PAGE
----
Solid as a Rock: The Oscars 2016 Reviewed

No matter how good the films are each year, the actual Oscar ceremony can vary wildly in tone and quality. In recent years viewing figures have been in rapid decline, then with this year’s #OscarsSoWhite controversy things looked perilous.

Cue, Chris Rock, the African-American host who held his ground through calls to boycott and quit, delivering a piece of satirical presenting that rarely wavered from tonal perfection! That must be the one thing that saved this year’s ceremony above all else, that Rock had been hired before the nominations were announced and so was perfectly poised to be able to comment on racial matters in a way that no white or replacement host could have even dreamt of. Sure, he didn’t let it go for the whole night, returning to the same well for material each time he stepped on stage, but somehow he managed to avoid being bitter and even addressed the boycotters in the most direct way possible.

Apart from the hosting, a few other highlights of the evening included the surprise wins for films such as ‘Ex Machina‘ and ‘Spotlight‘, as well as Mark Rylance winning then delivering the most gracious of speeches. Performance-wise, Lady Gaga was introduced with the most glowing of endorsements by vice-president Joe Biden, then gave an impassioned and powerful performance, despite then losing out on the win to Sam Smith, something that wouldn’t have happened if the votes were taken after the performance.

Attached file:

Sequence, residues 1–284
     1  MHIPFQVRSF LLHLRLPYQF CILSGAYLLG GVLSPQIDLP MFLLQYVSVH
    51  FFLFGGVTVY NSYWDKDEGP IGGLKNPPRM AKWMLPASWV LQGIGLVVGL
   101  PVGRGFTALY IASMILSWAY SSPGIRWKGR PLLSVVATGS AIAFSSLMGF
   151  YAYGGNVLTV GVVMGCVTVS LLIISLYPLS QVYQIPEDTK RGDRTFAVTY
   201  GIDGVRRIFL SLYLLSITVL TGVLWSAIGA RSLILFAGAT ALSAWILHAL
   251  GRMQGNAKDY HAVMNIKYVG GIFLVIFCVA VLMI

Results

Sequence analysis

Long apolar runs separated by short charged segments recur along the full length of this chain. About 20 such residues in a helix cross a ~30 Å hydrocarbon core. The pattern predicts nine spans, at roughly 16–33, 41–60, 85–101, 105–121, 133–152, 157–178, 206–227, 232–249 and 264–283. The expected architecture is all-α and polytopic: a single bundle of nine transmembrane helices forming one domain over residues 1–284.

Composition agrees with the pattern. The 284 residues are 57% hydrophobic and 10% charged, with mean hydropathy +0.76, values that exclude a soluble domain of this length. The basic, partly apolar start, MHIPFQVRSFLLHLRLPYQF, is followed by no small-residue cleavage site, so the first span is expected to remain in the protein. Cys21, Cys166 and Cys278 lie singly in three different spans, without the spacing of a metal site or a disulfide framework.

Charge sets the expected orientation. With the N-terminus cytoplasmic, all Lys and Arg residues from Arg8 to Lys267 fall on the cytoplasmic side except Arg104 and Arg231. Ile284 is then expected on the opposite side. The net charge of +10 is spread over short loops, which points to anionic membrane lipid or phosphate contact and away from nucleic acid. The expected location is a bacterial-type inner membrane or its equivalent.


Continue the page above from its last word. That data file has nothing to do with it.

Academy president Cheryl Boone Isaacs gave a very good speech in her annual appearance in which she addressed the racial diversity issues head on, and put the onus where it should be, on the industry as a whole. Even the unexpected reprisal of Ali G by Sacha Baron Cohen managed to get a laugh while making jokes that Rock and other presenters had paved the way for.

Though apparently ratings hit another low, I wouldn’t be surprised if Chris Rock was invited back to take the hosting role again. In future years hopefully his unique perspective on race might not be what’s needed for an organisation vowing to lead the way into a more diverse film future.



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